“Technology should not aim to replace humans, rather amplify human capabilities.”
–Douglas Engelbart (1925 – 2013), Inventor of the Computer Mouse
There has been a recent backlash against new technologies and companies that have entered the retail automotive space. Although the word “disruptive” still gets thrown around way too much, strides are being made to make things easier and better for dealerships. But, when the question arises, “does it sell more cars?”, the answer should, and always will be, maybe.
I’ve sat at all sides of the table. I’ve been in the dealership’s seat, understanding that desire for a secret weapon that can sell more cars and make more money. I’ve sat at the technical developer’s seat, wanting to create bleeding edge solutions for retail automotive that creates efficient and consistent results. As a Tier I automotive supplier on the technical front, I’ve scooted over to the OEM side to understand the needs of retaining customers, while forecasting what vehicles people will drive in the near future. Most importantly, I’ve sat in the customer’s seat, weighing what I know about the car business against the rapid evolution of purchasing behavior. It’s a balance of all of these aspects, and more, that makes retail automotive a true ecosystem. It’s what I teach every day, and the main reason I feel compelled to share my thoughts on the matter in what will be a multi-part post. First, let’s take it from the start.
Buying vs. Selling
Although the various schools of hard knocks, life, and dealer academies who educate the bulk of automotive retail staff (at least according to social media profiles) do a good job of teaching warm handshakes, those institutions do an abysmal job of teaching economics. The advertising agencies that are leaned so heavily on these days do a lackluster job of interpreting economics. The whiz kid programmer with his certifications from such-and-such certification program isn’t certified in economics. If all of the experts that a dealership turns to had a good grip on economics, they’d stop perpetuating this notion that everybody is buying a car from everybody today, tomorrow, and the day after that. Sometimes you need to hear it from a condescending prick.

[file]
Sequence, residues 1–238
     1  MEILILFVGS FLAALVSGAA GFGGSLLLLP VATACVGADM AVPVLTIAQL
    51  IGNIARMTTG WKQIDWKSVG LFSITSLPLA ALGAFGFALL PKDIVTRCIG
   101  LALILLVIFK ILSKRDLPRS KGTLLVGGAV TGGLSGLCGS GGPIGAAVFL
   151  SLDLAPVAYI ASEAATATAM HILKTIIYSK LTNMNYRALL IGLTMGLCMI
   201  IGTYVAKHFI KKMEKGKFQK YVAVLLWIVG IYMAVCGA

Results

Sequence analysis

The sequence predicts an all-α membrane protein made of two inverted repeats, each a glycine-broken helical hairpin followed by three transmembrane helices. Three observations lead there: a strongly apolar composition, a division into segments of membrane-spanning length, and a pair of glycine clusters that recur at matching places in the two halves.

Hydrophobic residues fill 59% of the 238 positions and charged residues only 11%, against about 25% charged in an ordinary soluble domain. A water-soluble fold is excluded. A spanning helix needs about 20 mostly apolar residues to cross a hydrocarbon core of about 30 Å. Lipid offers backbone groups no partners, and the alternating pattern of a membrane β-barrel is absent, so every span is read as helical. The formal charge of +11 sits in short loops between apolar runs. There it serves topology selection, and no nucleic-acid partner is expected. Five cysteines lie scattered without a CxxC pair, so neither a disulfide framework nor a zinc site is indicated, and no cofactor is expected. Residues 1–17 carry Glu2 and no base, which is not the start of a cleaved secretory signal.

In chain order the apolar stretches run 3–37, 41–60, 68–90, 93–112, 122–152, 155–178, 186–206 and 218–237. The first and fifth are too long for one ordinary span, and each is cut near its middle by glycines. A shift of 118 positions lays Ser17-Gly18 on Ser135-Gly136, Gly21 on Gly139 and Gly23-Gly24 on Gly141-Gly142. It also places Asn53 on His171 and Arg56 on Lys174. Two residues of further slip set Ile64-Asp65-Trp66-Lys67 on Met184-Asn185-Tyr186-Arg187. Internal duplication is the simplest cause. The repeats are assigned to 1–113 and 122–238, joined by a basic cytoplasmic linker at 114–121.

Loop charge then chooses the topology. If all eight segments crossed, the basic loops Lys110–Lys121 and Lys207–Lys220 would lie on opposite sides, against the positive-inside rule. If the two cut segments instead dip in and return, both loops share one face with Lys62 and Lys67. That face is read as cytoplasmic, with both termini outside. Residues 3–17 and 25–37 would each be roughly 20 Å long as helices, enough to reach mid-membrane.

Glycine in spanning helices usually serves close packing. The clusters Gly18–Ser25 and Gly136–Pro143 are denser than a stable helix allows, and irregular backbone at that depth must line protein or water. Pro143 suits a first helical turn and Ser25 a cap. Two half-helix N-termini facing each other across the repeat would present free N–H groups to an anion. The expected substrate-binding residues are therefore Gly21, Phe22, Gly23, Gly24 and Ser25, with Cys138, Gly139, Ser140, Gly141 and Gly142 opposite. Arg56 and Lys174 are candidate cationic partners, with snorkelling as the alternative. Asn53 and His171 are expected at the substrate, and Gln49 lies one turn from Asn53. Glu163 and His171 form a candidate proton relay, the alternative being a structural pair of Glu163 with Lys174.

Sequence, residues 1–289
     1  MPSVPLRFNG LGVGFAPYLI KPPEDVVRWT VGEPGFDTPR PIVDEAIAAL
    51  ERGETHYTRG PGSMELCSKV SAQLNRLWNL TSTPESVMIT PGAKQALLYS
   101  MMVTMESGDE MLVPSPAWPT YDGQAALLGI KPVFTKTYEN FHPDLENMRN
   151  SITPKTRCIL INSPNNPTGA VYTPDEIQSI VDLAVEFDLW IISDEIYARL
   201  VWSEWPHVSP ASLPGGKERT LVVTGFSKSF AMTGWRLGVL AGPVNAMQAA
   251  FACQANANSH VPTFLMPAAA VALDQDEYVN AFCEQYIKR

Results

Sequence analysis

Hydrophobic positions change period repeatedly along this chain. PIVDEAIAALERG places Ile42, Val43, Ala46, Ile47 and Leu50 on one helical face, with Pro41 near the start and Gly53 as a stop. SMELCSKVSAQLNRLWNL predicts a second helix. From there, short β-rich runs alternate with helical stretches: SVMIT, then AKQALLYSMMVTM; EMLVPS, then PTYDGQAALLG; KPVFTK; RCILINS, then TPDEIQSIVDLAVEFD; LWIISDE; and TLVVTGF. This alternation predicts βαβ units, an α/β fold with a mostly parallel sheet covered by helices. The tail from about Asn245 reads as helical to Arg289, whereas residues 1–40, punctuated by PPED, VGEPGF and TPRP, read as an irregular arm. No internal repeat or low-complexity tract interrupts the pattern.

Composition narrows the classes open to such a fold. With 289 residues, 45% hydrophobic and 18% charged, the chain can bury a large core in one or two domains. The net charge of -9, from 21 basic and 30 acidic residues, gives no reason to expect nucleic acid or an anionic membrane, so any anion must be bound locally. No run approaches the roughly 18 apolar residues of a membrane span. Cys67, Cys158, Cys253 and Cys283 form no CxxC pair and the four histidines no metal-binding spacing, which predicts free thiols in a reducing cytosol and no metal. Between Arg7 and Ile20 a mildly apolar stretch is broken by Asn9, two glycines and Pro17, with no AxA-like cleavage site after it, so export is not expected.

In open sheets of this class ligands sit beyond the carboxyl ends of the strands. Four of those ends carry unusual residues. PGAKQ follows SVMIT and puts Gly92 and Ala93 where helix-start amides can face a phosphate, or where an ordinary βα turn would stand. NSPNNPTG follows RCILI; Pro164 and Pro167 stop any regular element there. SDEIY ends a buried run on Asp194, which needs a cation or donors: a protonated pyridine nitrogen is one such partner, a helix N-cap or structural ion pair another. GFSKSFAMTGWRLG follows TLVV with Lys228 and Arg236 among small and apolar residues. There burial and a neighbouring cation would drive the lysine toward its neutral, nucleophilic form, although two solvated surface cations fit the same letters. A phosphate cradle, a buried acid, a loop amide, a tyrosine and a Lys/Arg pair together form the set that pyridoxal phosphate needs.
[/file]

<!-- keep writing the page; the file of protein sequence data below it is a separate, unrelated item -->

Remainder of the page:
Cars don’t grow on trees. They’re really expensive (pick your source if you need a citation). Many decision makers at car dealerships, thanks to demos, haven’t bought a car for themselves in decades. North Koreans are more in touch with how people want to buy vehicles in the 21st century, and have as much money as the average American available to put down on a new truck. Vehicles don’t rot into dust in five years as they did up into the 90s. It’s time for the car business to stop pretending that we’re selling a consumable, like toilet paper. No amount of heads-up displays, massive infotainment touch screens, Internet hotspots, or other stuff that doesn’t help it get efficiently from Point A to Point B is going to fix that. This Car and Driver Magazine editorial does a fantastic job of illustrating how ridiculous things have gotten.
The objective truth is that there is a tiny fraction of the population buying cars in a given market, at a given time. This fixed amount of car buyers, not shoppers, encompasses all social strata and price points, selecting from more than a couple of dozen brands, scores of models, both new and used, from dealer inventories to front yards. To put it in perspective, 17.2 million new vehicles were sold to 225 million license holders, or roughly 7.6% of the total potential market in 2017. That’s less than 0.64% of the potential population per month, spread out over cash purchases, 36-month leases, 72-month financing, and an array of options in between. It’s one gargantuan pie that everyone gets to take a bite out of. The question of “will anything sell more cars” has everything to do with how many people are buying cars, not some new tool, technology, methodology, religion, or anything else. The questions that need to be asked are how big is this month’s pie and how much is that one tiny morsel of leftover, pre-chewed, partially digested, piece of pie actually worth?
The Good News
The good news for car dealerships is that millions of vehicles change hands every day. They still have plenty to work with when it’s all said and done. The new technologies and tools will help move more units, but they need to consider how all sales are taking place, not just car sales. More cars than ever are being bought, but fewer are actually being sold. As the car business continues to hurtle into a world of uncertainty, the one thing we can plan on is the Invisible Hand playing a role in if-and-when a vehicle transaction takes place.
There is more to learning than just studying the same things over and over again. I understand that we want to support our colleagues by reading their blog posts, listening to their podcasts, watching their live streams, and/or attending their conferences. But, you are consuming a lot of time just reconfirming your own beliefs. Instead, try taking just 25% of that time to study the fundamentals of commerce. I share a running list of the books I’m reading on my bio page if you want someplace to start (I’d be ecstatic to hear from you if you’d like some guidance on the matter). There are more important things to know than gossip or the next big vendor.
Based on my experience as a car sales training company, working with hundreds of dealerships across North America, I see three primary strategies to move more vehicles from dealership lots to customer driveways. In the next post, Beg, Borrow, and Steal From the Future, we’ll take a look at today’s most common strategy. When you’re finished, you’ll be hungry for more pie.
Part I: A Story of Pies
Part II: Beg, Borrow, and Steal From the Future
Part III: Defection and Marketshare
Part IV: Whole Pies and Retention
Part V: Conclusion
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